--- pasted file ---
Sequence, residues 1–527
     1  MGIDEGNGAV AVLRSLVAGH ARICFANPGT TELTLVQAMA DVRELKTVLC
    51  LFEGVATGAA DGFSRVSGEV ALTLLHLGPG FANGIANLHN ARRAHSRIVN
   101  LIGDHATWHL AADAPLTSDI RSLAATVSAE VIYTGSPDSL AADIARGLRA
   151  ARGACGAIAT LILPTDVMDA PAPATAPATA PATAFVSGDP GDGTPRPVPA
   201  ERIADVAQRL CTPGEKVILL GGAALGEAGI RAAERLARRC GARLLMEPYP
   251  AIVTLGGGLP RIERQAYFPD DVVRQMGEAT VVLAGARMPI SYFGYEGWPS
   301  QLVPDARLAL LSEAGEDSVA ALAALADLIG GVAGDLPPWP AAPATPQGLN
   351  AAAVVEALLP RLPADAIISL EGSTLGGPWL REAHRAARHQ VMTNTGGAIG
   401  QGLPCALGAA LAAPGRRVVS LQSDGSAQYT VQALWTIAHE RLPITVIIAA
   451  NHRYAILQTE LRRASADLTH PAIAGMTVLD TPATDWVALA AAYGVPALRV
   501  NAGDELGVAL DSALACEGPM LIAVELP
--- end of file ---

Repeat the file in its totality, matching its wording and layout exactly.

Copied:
Sequence, residues 1–527
     1  MGIDEGNGAV AVLRSLVAGH ARICFANPGT TELTLVQAMA DVRELKTVLC
    51  LFEGVATGAA DGFSRVSGEV ALTLLHLGPG FANGIANLHN ARRAHSRIVN
   101  LIGDHATWHL AADAPLTSDI RSLAATVSAE VIYTGSPDSL AADIARGLRA
   151  ARGACGAIAT LILPTDVMDA PAPATAPATA PATAFVSGDP GDGTPRPVPA
   201  ERIADVAQRL CTPGEKVILL GGAALGEAGI RAAERLARRC GARLLMEPYP
   251  AIVTLGGGLP RIERQAYFPD DVVRQMGEAT VVLAGARMPI SYFGYEGWPS
   301  QLVPDARLAL LSEAGEDSVA ALAALADLIG GVAGDLPPWP AAPATPQGLN
   351  AAAVVEALLP RLPADAIISL EGSTLGGPWL REAHRAARHQ VMTNTGGAIG
   401  QGLPCALGAA LAAPGRRVVS LQSDGSAQYT VQALWTIAHE RLPITVIIAA
   451  NHRYAILQTE LRRASADLTH PAIAGMTVLD TPATDWVALA AAYGVPALRV
   501  NAGDELGVAL DSALACEGPM LIAVELP